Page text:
Livestreamed Catholic Mass

Eucharist means…”thanksgiving”

Michael Dubruiel wrote a book to help people deepen their experience of the Mass.  He titled it, How to Get the Most Out of the Eucharist.  You can read about it here. 

Excerpt

H A N K O D H E A D        O F I M E

There is an American friar whose cause for sainthood is currently before Rome. His name is Father Solanus Casey; he was a Capuchin Friar who ministered in Detroit, New York, and Huntington, Indiana. He died over forty years ago. I often walk the grounds of the former friary where he served in Huntington and think about his ministry. Born of Irish immigrants, he was sent to German seminaries where the priests taught him in German how to speak Latin. He didn’t fare too well — who would?

Eventually he was ordained but not allowed to preach doctrinal sermons or hear confessions. In a time when there was more of a caste system in religious life he was given a “brothers’ job” as porter. People sought him out near and far.They found great wisdom in his words, and great miracles of healing were recorded after his prayer and touch. Many were converted.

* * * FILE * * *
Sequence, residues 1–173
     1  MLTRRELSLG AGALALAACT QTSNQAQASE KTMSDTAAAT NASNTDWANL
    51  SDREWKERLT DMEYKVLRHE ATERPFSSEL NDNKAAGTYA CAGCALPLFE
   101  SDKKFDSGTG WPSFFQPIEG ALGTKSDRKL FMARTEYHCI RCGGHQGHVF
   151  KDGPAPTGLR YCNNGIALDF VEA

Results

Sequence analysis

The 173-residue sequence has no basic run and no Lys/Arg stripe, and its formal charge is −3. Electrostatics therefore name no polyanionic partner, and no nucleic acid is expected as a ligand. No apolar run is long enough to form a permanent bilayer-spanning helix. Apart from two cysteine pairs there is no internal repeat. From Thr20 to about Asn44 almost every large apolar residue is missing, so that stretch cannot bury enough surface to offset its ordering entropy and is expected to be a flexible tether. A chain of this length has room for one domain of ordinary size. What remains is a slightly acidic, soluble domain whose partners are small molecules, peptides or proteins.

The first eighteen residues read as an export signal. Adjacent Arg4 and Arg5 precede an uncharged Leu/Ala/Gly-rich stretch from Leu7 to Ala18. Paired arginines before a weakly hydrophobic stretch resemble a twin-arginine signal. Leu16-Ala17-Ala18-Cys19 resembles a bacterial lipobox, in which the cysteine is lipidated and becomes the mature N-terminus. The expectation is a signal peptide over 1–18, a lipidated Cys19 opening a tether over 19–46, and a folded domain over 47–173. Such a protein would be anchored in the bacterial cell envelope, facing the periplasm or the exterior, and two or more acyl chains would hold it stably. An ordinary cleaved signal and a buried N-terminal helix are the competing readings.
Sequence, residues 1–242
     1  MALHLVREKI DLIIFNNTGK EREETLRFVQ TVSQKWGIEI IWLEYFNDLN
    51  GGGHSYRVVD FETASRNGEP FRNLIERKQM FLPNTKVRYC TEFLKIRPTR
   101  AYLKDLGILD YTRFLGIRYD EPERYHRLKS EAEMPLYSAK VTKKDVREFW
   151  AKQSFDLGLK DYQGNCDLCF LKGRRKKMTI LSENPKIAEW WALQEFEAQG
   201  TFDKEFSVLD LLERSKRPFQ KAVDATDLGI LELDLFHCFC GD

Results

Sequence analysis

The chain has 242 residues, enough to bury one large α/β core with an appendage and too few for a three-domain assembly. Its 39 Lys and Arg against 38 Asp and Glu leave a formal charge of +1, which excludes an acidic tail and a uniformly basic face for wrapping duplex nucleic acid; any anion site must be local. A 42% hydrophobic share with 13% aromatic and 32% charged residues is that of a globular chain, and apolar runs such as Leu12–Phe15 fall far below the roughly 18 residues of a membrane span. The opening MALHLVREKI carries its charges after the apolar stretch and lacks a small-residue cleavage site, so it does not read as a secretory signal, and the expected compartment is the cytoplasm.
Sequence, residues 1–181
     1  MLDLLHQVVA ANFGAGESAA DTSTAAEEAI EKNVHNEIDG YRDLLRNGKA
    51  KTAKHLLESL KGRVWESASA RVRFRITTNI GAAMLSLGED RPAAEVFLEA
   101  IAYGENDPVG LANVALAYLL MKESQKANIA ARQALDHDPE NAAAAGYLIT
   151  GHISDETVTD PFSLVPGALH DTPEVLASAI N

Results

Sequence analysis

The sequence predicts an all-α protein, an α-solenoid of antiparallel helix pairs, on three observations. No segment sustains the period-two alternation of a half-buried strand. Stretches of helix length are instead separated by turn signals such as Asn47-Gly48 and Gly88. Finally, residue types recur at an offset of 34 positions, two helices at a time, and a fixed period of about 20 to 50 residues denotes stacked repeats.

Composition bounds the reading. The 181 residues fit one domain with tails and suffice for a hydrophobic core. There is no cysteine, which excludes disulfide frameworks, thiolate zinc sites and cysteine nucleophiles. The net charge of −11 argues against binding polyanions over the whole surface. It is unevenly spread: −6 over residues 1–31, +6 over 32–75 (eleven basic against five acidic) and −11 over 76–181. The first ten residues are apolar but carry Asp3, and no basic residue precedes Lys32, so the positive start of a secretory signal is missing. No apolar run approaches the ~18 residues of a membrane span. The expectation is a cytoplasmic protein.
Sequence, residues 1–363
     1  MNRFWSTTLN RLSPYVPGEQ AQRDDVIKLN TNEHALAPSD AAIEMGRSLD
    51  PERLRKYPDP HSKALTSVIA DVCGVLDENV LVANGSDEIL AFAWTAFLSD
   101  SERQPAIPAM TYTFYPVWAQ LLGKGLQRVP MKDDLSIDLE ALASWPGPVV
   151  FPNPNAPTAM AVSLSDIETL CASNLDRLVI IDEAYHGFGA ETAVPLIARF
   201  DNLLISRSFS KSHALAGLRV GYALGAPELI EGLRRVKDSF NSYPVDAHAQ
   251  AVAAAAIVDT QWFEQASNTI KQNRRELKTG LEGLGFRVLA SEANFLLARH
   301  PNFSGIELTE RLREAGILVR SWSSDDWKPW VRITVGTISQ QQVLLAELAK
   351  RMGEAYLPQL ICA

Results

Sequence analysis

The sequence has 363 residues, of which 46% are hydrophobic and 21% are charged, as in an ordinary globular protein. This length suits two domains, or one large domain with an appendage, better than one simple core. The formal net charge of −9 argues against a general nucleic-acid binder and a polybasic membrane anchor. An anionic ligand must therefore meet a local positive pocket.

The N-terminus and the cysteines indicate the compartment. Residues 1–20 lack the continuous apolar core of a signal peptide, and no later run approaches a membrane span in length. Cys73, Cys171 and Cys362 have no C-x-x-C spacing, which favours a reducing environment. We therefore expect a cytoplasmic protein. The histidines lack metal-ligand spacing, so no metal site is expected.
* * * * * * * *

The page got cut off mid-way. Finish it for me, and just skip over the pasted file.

In many ways, it would seem that he would have had much to be bitter about. He was obviously one of the most gifted friars in the community, but he was treated as one who had little to offer.

Yet he was not bitter, and his advice to people who requested prayer and healing is interesting. He told them to “thank God ahead of time”— as an act of faith.He often also had them enroll in a Mass association as a way of giving thanks to God.

This is a beautiful message for us: to thank God in all things, to be thankful for everything that life brings to us even if to all appearances it doesn’t seem there is anything to be thankful for, and to thank God ahead of time,trusting that in God’s time good will come from it all.